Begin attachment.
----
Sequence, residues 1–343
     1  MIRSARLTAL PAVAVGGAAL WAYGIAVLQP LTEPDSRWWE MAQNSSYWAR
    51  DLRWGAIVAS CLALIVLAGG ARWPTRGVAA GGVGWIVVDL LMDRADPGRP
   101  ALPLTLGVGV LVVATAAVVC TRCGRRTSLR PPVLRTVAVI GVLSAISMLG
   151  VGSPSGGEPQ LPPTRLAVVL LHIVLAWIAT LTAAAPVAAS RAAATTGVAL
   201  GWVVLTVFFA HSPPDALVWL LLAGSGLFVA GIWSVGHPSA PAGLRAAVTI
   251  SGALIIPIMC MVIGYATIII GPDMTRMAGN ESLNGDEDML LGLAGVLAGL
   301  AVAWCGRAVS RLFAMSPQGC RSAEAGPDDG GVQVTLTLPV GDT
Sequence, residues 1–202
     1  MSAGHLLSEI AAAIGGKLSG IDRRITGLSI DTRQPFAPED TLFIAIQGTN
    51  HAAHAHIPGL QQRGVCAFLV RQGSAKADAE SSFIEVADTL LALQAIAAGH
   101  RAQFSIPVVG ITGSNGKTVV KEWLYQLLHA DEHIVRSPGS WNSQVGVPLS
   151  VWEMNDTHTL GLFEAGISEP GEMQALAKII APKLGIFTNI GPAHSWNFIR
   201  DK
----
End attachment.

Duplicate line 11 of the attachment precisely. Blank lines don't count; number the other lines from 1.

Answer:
    51  HAAHAHIPGL QQRGVCAFLV RQGSAKADAE SSFIEVADTL LALQAIAAGH